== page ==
Today, northern mountain caribou are “not thriving in the north, it’s just when you look at it in comparison to herds that are basically on life support, they’re in triage mode down in southern B.C.,” said Staveley, whose given Kaska name is Mésdzį̄h.
Caribou are highly sensitive to habitat disturbance. In some cases, they are pushed out by resource projects or wildfires that destroy habitat. Even more temporary disturbances, such as snowmobiles or resource exploration, can cause these iconic ungulates stress, forcing them to flee, said Chris Johnson, a professor of landscape conservation and management at the University of Northern British Columbia, who has spent years studying northern mountain caribou.
Other impacts are less direct. The plants that tend to grow back first after wildfires or resource extraction are more inviting to moose and deer than caribou. As these species move into caribou territory, they’re followed by predators, like bears and wolves, Johnson said. While deer and moose populations may be able to withstand an increase in predation, the same can’t be said for caribou.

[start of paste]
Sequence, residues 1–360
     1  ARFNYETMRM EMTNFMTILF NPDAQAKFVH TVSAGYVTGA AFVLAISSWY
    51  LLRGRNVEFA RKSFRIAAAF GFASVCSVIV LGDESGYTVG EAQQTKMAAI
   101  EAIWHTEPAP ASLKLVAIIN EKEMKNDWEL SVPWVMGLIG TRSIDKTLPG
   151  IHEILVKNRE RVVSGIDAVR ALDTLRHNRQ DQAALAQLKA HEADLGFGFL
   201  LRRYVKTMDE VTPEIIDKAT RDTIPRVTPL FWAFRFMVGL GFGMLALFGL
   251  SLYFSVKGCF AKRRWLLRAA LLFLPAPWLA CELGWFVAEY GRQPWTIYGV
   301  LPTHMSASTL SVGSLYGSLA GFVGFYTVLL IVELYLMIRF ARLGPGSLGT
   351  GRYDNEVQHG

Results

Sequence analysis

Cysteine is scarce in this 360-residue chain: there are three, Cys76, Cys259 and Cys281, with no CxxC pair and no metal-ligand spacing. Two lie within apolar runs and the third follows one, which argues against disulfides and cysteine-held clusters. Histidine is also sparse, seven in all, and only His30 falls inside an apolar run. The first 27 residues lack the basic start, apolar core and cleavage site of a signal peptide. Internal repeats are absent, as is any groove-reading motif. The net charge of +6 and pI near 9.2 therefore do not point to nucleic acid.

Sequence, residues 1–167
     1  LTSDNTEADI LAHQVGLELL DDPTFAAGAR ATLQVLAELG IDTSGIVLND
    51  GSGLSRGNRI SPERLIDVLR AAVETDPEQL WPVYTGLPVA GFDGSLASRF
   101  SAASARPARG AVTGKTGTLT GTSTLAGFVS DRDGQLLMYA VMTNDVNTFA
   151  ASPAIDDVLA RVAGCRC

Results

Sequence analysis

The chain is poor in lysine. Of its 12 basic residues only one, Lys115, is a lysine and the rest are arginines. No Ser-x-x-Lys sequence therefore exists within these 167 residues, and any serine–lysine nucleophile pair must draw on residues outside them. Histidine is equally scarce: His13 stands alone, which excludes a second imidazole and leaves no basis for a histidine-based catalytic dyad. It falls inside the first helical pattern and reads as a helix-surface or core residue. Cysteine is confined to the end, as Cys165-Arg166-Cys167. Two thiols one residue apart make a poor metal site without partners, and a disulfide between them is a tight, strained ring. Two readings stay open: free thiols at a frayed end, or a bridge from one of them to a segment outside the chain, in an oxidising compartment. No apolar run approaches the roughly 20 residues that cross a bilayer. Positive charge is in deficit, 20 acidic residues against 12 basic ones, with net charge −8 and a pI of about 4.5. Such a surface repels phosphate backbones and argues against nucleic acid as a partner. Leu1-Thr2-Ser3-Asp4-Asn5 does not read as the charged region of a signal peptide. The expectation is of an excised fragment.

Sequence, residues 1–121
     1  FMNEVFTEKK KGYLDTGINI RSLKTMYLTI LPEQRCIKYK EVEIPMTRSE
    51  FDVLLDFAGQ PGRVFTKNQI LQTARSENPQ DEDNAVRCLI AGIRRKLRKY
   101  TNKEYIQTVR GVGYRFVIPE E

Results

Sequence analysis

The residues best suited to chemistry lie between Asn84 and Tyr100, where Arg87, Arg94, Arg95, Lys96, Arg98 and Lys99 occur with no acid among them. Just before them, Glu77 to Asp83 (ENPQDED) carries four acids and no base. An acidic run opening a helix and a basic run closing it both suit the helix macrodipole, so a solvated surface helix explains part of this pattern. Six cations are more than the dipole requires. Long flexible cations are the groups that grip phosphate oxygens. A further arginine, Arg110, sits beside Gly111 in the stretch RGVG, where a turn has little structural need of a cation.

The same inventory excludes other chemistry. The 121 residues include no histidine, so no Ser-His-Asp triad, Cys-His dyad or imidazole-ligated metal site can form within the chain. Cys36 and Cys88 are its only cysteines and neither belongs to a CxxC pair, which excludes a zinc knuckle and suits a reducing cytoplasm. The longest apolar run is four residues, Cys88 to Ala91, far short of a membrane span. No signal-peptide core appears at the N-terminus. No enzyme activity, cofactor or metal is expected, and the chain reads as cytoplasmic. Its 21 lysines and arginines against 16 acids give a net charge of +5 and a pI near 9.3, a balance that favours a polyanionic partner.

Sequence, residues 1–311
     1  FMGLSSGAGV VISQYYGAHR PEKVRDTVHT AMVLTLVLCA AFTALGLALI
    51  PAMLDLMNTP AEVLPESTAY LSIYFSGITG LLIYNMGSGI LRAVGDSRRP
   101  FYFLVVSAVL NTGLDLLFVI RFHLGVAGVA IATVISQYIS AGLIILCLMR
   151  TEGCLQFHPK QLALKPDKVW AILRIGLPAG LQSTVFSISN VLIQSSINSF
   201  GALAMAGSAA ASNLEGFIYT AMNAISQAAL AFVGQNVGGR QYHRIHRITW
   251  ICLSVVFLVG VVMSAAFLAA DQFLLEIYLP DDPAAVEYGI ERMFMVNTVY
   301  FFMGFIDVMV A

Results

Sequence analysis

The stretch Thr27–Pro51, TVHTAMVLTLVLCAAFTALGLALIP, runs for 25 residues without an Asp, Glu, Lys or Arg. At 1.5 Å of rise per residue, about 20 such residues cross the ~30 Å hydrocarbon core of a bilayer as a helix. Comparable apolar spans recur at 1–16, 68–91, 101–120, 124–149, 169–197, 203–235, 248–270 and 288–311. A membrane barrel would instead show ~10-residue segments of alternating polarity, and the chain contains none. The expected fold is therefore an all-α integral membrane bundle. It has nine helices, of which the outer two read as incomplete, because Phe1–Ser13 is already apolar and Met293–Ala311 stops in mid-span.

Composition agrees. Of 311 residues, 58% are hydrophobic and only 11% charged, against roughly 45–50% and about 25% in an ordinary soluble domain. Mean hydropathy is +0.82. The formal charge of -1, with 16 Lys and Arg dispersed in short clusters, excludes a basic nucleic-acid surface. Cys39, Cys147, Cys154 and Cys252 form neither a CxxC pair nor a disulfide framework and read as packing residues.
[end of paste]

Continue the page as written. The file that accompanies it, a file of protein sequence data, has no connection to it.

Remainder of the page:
At the same time, roads or snowmobile tracks in the winter can make it easier for predators to reach caribou in otherwise remote areas in the alpine, Johnson explained.
According to the new assessment, protecting caribou from future declines will require getting better at monitoring their populations and the impacts of human activity — and ultimately prioritizing conservation of the habitat they rely on.
Northern mountain caribou are found in north-central and north-western B.C. and rely on large stretches of intact habitat. They spend time at lower elevations during the early part of the winter, feeding on lichens that grow on the ground, before moving into windswept alpine regions. There, they forage through shallow snow for lichen and other plants, said Johnson.